What History Has to Say

The words are odd for Faulkner, I have always thought—
economic yet sufficient on their own, without the wandering
prose of Absalom, to describe the disengagement of students:
“with bovine interest.” After these last days overlooking the
steep pasture lands and watching their movements, I question
his image at least with regard to the cattle. Because of how
they turn away from the sun, narrow their shadows in unison;
and then always come, as I approach, near the same corner of
the fence at the rim of the grassy plateau, as though to recover
year after year some familiar odor, truer than pheromone,
hidden deep within the layers of scent. This morning as they
moved to me, marvel settled in again and then the wondering—
if in their sensing they recalled the tilt of our heads, the lilt
of our voices as we spoke of them; if they remembered where
the shadows fell; if the sparrows crossed the path before us
that day; or if a sluicing wind made such a passing far too hard.
Or if that knot of them, kneeling in the cold pasture lined by old
cedars in the angling light, had seen what was between us then,
huddled behind clouds of breath too fine for the evening stillness
to distill. Now there seems nothing left, except to ask how you
became as Faulkner’s students, though such point of view belies
your passion for the region’s history. From your desk’s vantage,
so distant now from scent and field, can you find a way to
contemplate what history has to say about whose recollections
can claim the past’s closest hold?

— first appeared inSouth Carolina Review

Picture Postcard from VA — Winter Landscape

Poet to Painter

Thought you’d want to know that Nehemiah’s gone—moved, I have to trust,
to another farm. The cows and other calves are pastured now across the road,
and all of them are blonde (but more the color of buttermilk than the light of
your hair). As you’ve always said, nuances disappear in monochrome, so it is
still hard for me to tell these little ones apart. All in all, this early winter has
not been as welcoming as last, until today’s blowing snow. Under its brush
even the restless bull is stroked into a muslin silence, perplexed at how
quickly the drifts cover the plain umber of the farm’s underpainting and alter
his terrain. Or so it seems. I am not sure whether I favor the familiar
landscape or this one, or in which of the two I can more easily lose myself. . .
as I came here to do. That, and write, of course—for which I am primed. But
once again I am falling behind in my promises and wondering, as always,
just what you would make of it all.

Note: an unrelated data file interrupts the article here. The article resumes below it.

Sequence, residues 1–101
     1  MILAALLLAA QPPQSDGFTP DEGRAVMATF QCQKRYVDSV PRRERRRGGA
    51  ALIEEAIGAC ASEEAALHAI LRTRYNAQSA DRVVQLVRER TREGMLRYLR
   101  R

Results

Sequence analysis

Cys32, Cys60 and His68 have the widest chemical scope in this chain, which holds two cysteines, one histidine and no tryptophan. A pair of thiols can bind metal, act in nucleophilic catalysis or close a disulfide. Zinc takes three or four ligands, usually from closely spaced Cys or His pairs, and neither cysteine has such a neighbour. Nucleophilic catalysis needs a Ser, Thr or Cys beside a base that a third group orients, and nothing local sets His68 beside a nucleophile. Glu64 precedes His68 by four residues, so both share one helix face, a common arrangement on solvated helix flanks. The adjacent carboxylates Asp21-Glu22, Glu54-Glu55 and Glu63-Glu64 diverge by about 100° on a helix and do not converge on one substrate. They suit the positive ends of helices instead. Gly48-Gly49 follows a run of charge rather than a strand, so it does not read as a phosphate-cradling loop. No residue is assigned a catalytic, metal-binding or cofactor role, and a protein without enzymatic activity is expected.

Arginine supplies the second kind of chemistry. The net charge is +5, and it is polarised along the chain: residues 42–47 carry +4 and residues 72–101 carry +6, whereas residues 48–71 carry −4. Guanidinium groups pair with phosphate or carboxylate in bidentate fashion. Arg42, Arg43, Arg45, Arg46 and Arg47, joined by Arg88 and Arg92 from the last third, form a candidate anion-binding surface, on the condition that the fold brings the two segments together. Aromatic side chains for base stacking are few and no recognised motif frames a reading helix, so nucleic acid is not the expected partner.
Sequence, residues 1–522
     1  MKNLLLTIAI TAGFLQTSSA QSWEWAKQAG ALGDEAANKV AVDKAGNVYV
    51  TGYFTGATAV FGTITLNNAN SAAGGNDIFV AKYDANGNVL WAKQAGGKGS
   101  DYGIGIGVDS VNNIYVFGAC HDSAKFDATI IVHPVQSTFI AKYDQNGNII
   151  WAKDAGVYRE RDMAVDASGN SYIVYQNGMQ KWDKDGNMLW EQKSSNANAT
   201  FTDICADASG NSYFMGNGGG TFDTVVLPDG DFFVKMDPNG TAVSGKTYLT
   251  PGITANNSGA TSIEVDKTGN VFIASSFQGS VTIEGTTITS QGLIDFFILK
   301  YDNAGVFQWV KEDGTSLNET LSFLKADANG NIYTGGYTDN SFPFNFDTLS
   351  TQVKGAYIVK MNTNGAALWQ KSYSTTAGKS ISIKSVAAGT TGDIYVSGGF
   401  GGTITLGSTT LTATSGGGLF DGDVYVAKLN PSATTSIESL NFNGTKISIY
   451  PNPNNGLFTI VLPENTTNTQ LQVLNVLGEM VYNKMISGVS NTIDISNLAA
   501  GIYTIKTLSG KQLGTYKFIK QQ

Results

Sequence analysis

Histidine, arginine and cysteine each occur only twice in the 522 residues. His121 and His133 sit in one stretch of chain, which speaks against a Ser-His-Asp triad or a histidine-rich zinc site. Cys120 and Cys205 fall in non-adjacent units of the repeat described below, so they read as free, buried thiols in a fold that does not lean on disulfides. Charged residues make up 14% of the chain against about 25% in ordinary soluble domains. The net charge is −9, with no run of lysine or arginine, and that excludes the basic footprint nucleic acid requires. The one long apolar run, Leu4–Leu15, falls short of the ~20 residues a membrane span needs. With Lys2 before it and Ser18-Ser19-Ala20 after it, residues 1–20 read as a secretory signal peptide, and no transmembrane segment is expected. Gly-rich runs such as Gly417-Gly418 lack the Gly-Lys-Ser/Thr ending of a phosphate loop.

— first appeared in Diner: A Literary Journal

Postcard from the Blue Ridge

Do you recall which of these was O’Keeffe’s mountain? I have been looking
out on them all week and am still not sure, perhaps because I am facing from
the south. But I do understand now why she kept coming back to paint here,
where from hour to hour they are never the same mountains—although they
constantly abide. And there’s no contradiction in it. Ridge after ridge grows
paler in the farther light so the eye is finally driven to the fine abstraction,
appearing almost as remembrance, (as fine as Keats’ excess, and maybe
that is the place where painter and poet meet) that the vista holds. After A.S.
or anyone and everyone else, for that matter, it must have been what she was
painting for: to find, as we have, what holds.

— first appeared in Diner: A Literary Journal

At the Memorial

After the embracing of his widow and children, the telling of stories,
the reading of the poem, the dedication of bench and tree, there in
the blued shadow of the high ridge’s own garden we sat down together
to eat, though some of us strangers, as friends, feasting once more
on the recollection of full-bellied joy he always served up silently
in mounds of fried chicken and deep-dished macaroni and cheese.
As if a sequitur his older sister pointed to the early thin shoots of golden
forsythia that rattled against the glass vase’s lip in the subtle breeze
and said “When these bloom it’s time to start cutting back the roses again.”
And I and the others, who knew nothing of that, nodded to the certain
gardener’s plain-spoken confidence of sequencing: plant, nurture, behold the
glory in the vivid bloom, prune, and then expect a fuller blossoming again.

–first appeared in Wisconsin Review